April 9, 2004

Total War vs. Total Faith: Al Qaeda Moves Ahead

By Franz Schurmann

Since World War II American military doctrine has been based on “total war.” Total war allows for any means that bring enemies to their knees. The Korean War was a total war that destroyed everything above the ground in North Korea. The Vietnam War was not a total war because America feared Chinese intervention, as happened in Korea. America’s wars against Afghanistan and Iraq were quasi-total wars that brought about “shock and awe,” not only among soldiers but also too many civilians. But in all these wars, total war has come up against a formidable opponent — faith.

America smote Afghanistan with total war less than a month after 9/11. But two and a half years later, the Afghan resistance is ready to retake some cities. Recently, Washington cajoled Pakistan to mount a big military attack in its autonomous northwest territories, and rumors flew that Ayman al-Zuwahiri was cornered. But all Pakistani forces got was tribal fury and deeper commitment within Pakistan to the Taliban.

A year ago, the Pentagon smote Iraq with a tempered down total war. Yet the Iraqi resistance gets more and more recruits, including potential suicide bombers.

Vengeance is only a part of what’s happening in the Middle East. Islamic suicide bombers are waging their own total war. But unlike shock and awe, their voluntary death shows they believe they are part of a higher cause, in this case a new turn in Islam.

Throughout the billion-plus Muslim world, a new ideological schism has been opening. Essentially it’s between those who want to work with the Americans and those who hate them. But, because of American use of total war, the pendulum of history is swinging to the latter. William Tecumseh Sherman, often considered the creator of total war because of his ravaging of Georgia during the American Civil War, probably knew about this danger. He wrote in his memoirs: “If the people raise a howl against my barbarity and cruelty, I will answer that war is war, and not popularity-seeking.”

In World War II, Germany and Japan had at first excelled in total war. But then the USA inflicted an even greater total war as it firebombed their cities. An example from the Battle of Stalingrad (December 1942 to February 1943) shows how faith can triumph over total war. After spreading destruction all over Russia, Hitler’s hordes reached Stalingrad, where they believed they were on the threshold of final victory and hunkered down for the winter. But the Russians poured waves of soldiers into the fray and broke the German ranks. The faith that moved many Russian ranks into certain death was loyalty to Stalin, who was viewed as a kind of demi-god and was educated in an Orthodox Christian Seminary. When Hitler’s troops had advanced to the Volga River, commonly called Mother Russia, Stalin reopened all churches.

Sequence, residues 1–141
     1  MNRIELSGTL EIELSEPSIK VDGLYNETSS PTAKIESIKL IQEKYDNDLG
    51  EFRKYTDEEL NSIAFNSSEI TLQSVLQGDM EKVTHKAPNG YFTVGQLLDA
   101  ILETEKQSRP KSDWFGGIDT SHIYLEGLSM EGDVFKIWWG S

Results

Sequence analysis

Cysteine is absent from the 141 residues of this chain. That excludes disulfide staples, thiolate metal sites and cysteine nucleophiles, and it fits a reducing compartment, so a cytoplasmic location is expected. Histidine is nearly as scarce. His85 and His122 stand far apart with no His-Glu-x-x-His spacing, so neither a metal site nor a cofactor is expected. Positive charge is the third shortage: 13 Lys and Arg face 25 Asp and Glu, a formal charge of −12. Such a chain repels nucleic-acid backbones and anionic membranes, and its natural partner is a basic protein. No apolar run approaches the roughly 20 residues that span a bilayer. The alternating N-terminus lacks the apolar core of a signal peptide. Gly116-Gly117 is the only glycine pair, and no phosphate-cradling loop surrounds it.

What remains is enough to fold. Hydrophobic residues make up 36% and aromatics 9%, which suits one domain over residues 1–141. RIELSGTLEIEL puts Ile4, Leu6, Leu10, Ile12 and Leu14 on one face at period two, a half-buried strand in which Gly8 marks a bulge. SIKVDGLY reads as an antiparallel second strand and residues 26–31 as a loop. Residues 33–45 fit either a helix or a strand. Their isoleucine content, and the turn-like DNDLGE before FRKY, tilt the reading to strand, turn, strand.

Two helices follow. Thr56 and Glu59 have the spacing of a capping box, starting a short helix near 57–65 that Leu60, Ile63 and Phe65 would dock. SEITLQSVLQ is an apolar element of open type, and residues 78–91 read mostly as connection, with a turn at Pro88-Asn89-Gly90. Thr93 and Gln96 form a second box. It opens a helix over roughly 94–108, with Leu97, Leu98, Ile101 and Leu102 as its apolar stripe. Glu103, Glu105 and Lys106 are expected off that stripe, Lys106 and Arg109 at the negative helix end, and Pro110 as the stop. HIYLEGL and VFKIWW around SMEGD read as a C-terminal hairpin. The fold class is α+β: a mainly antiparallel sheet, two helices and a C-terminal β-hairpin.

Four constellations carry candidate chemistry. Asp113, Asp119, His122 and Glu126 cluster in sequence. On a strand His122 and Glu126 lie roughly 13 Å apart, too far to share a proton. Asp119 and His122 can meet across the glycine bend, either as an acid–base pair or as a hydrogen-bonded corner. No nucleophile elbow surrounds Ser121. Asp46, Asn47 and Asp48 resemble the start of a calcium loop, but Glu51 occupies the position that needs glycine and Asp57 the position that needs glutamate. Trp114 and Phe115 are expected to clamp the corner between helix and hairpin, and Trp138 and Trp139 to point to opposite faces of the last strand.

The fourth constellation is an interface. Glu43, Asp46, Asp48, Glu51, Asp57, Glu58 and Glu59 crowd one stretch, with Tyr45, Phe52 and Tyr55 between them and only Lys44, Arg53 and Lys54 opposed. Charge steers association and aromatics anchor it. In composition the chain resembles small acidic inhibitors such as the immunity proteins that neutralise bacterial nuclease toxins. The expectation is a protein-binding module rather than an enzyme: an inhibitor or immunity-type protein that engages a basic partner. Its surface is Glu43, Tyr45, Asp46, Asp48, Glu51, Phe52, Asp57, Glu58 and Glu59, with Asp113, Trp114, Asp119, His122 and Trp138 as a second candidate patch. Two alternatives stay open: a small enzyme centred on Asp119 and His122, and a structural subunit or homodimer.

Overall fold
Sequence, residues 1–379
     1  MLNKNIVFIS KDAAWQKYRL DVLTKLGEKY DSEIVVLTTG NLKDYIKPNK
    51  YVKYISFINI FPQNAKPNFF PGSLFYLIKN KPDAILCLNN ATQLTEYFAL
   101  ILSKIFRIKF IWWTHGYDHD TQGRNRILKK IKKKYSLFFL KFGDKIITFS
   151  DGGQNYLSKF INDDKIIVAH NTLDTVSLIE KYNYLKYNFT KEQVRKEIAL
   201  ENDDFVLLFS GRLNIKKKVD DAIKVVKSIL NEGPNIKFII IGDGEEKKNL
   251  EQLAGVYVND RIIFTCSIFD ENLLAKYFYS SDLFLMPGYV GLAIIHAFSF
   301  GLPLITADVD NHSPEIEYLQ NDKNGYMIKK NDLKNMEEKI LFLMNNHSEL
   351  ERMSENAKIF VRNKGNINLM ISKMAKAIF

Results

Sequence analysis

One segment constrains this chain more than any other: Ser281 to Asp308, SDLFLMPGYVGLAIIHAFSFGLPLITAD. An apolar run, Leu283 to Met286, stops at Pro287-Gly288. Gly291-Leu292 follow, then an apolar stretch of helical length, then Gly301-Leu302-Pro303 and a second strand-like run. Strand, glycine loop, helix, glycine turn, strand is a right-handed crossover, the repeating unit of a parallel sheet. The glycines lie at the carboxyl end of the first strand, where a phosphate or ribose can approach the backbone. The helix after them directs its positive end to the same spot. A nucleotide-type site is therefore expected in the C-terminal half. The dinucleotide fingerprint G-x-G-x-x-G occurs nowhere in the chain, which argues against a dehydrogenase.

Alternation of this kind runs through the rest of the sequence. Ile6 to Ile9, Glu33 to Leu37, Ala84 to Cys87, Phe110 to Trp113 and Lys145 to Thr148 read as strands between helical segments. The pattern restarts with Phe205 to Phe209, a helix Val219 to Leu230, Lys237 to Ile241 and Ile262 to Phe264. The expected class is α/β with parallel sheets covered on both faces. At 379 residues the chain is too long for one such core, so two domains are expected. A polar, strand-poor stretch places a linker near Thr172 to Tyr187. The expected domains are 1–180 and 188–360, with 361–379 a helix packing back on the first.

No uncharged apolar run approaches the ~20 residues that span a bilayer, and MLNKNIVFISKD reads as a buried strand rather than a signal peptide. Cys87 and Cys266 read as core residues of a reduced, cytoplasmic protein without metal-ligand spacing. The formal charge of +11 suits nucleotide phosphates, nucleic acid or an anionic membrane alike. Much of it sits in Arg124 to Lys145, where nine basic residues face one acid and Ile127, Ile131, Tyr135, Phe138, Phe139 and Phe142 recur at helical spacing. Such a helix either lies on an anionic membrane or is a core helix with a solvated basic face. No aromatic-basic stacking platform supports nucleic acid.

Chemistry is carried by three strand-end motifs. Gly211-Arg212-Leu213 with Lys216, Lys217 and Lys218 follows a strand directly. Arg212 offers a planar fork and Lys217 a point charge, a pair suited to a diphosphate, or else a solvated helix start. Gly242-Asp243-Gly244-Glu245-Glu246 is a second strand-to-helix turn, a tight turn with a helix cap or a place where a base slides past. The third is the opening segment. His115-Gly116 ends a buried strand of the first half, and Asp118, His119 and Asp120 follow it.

The Japanese also used spiritual faith in war. Their kamikaze pilots almost halted the American juggernaut, giving their lives because they believed their emperor was the “Son of Heaven.” When the Son of Heaven made peace with the Americans, almost to a man they stopped fighting. However, if the Emperor had overruled his generals and commanded his people to fight to the end, they might have obeyed. American deaths could have reached a million, and the Japanese figure would have been many times that.

Spiritual faith is playing a major role in the current war. This mindset is called in Arabic, “takfir wa hijra.” An Islamic website explains takfir: “Muslims are not allowed to wage war on each other, but they can on unbelievers. If a society or group can be labeled as unbelieving, it becomes acceptable to engage them in armed battle.” Hijra refers to the new world that the Prophet Muhammad proclaimed in the many years of his Medina exile. (“wa” just means “and.”)

Until Saddam Hussein, backed by the United States, invaded Iran in the summer of 1980, Muslim states overwhelmingly abided by the God-given law that they must not kill other Muslims. But Saddam broke that law. In October 1981, the group Muslim Brethren assassinated Egyptian leader Anwar Sadat, who had become an ally of the United States. Those two events pushed many young Arabs, including Osama bin Laden, to mull over life, death and destiny beyond life and death. That mulling led many into “takfir wa hijra,” and some of them to become suicide bombers.

Aside from the suicide bombers of 9/11 and those in Israel/Palestine, there were few suicide-bombers in 2000, 2001 and 2002. Though no terrorist attacks have taken place in the United States since 2001, in 2003 rashes of suicide bombings occurred and have continued this year. It seems that total war is waning while bombings, both suicide and non-suicide, are waxing. For now, Al Qaeda seems ahead of America on the Middle Eastern chessboard.

American total war and “takfir wa hijra” are two sides of the same coin. They both indiscriminately kill and maim. The only way the world can get out of the waning of one and the waxing of the other is by destroying the coin. A first step in this new destiny is for George Bush and Osama bin-Laden to talk to each other, face-to-face. Even if this occurs secretly, it still means a first step in a needed destruction.

Schurmann (fschurmann@pacificnews.org) is emeritus professor of history and sociology at U.C. Berkeley and the author of numerous books.

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